Montezuma County’s budget is increasing by approximately $1.6 million, or somewhere around $60 per resident. County employees will get a cost-of-living raise.
The City of Cortez plans to spend less in 2012 than it did in 2011 but will raise fees for water, refuse collection and recreation. The Sanitation District will raise its rates as well.
Electric bills will be going up, natural gas prices are dropping slightly, and gasoline prices have fallen markedly in recent weeks, even as oil prices have risen. Don’t expect the reductions to be permanent.
Wages are flat, well-paying jobs are scarce. Even Mesa Verde Pottery, long run by now-U.S. Rep. Scott Tipton, is closed for the season. Two work weeks before Jan. 1, employers and employees alike still didn’t know what 2012 payroll taxes would be.
Congress threatens to shut down the federal government every few months, so often that many Americans have quit paying attention. In a bizarre series of events, one GOP presidential candidate has made a $10,000 bet with another, irritating citizens who wonder how they’re going to afford Christmas, food, heat and medication in the same month. A third candidate, who also claims to be a conservative, apparently has aligned himself with the Occupy Wall Street protesters by criticizing the first for slashing private payrolls and issuing pink slips.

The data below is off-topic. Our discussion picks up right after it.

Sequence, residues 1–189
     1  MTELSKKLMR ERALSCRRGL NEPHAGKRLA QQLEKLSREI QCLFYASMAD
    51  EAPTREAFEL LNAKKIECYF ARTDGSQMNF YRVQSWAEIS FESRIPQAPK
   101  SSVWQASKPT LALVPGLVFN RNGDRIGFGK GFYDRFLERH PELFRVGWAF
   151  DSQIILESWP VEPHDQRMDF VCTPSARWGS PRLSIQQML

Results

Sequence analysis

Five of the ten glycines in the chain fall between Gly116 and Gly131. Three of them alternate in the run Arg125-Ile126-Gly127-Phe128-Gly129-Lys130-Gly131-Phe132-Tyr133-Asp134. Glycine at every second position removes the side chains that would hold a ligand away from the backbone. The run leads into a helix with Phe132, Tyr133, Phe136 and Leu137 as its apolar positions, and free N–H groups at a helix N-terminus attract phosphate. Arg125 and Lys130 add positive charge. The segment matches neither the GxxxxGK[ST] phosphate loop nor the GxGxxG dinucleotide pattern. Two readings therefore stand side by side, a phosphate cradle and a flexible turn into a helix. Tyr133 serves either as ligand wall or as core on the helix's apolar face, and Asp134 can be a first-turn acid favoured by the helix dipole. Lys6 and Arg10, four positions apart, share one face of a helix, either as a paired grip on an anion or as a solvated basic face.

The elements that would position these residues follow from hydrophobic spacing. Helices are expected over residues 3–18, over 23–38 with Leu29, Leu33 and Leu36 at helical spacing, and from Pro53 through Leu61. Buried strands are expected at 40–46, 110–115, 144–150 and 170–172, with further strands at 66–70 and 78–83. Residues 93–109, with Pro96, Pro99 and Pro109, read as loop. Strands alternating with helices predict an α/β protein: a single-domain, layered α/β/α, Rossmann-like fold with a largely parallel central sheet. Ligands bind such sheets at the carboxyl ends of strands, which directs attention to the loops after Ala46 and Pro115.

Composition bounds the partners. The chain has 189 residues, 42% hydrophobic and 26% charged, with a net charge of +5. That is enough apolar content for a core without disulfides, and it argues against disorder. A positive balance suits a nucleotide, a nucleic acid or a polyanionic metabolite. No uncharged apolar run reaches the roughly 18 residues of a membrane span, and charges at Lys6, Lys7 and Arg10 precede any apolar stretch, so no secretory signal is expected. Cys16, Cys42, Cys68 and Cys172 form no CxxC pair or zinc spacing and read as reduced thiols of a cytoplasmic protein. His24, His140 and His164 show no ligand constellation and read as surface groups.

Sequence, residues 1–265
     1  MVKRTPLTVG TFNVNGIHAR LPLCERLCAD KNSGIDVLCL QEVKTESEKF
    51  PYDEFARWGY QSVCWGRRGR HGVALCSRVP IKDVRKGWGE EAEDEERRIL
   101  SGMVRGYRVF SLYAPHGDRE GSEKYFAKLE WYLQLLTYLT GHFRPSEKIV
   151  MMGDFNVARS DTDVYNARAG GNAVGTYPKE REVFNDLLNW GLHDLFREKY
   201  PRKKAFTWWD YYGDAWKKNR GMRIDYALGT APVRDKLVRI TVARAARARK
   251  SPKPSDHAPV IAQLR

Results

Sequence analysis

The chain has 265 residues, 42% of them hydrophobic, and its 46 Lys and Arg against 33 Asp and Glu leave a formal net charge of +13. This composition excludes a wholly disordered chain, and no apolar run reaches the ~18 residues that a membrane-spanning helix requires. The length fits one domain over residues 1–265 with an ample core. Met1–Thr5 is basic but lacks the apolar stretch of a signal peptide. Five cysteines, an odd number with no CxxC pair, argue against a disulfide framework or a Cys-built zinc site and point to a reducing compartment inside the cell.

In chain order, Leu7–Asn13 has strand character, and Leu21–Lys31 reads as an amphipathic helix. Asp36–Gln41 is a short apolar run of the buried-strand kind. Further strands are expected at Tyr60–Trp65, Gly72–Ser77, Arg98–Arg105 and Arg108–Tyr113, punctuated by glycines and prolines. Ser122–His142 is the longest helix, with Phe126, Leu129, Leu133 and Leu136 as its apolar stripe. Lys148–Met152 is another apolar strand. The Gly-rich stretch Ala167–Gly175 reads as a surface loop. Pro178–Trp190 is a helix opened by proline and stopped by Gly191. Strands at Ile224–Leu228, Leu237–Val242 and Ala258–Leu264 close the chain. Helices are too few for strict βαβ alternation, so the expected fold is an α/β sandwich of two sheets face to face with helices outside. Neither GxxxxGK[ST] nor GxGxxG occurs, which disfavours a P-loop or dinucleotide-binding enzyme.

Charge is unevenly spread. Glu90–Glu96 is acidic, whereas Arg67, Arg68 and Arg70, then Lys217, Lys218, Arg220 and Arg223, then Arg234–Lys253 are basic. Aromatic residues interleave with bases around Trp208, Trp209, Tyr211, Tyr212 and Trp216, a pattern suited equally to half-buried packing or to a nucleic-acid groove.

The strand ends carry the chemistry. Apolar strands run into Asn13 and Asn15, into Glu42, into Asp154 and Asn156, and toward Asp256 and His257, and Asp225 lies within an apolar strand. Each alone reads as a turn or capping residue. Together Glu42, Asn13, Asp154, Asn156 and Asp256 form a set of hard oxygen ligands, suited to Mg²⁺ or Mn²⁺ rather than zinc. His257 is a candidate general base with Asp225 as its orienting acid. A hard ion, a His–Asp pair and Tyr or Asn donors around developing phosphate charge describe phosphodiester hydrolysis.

Where is the progress? Where is the comprehensive plan to energize the economy?
The answer to that is easy: There’s not one. There’s also no hint that the 2012 presidential election will provide clarity, especially since Southwest Colorado does not loom large on the national economic radar.
That means that local actions are crucial. Decisions must based on two slightly contradictory ideas, both of which, fortunately, require the same focus.
First, what we have may be all we get. Times will get better, a little bit at a time, and they’ll get better faster if locals promote the resources available here. But development here may lag, for any of a variety of reasons, including our inability to capitalize on opportunities.
Second, we must be ready for change. For example, an energy boom would be a very mixed blessing, bring jobs and tax revenue, and also bringing social and environmental issues that, if history is an indication, linger longer than the benefits. With solid planning and community support, the region could capitalize on the positives and regulate the negatives. That can’t happen if locals are willing to sacrifice nearly anything for “good jobs.”
In both cases, the best preparation is for locals — residents, businesses, organizations and governmental entities — to reach some consensus on a vision for the future and work steadily toward it. Flexibility is essential, because unexpected opportunities do arise. But if citizens don’t know what they want, they have little hope of achieving it. If they have a clear understanding of both the positives and the pitfalls of growth and change, they aren’t as likely to be persuaded to accept too little good at a cost that’s too high.
This is a good time of year for a strong local focus, while the feds flail and the state government focuses on education finance and an Olympic bid. Who do we want to be? What do we want to do? How can we accomplish that?
That’s what really matters.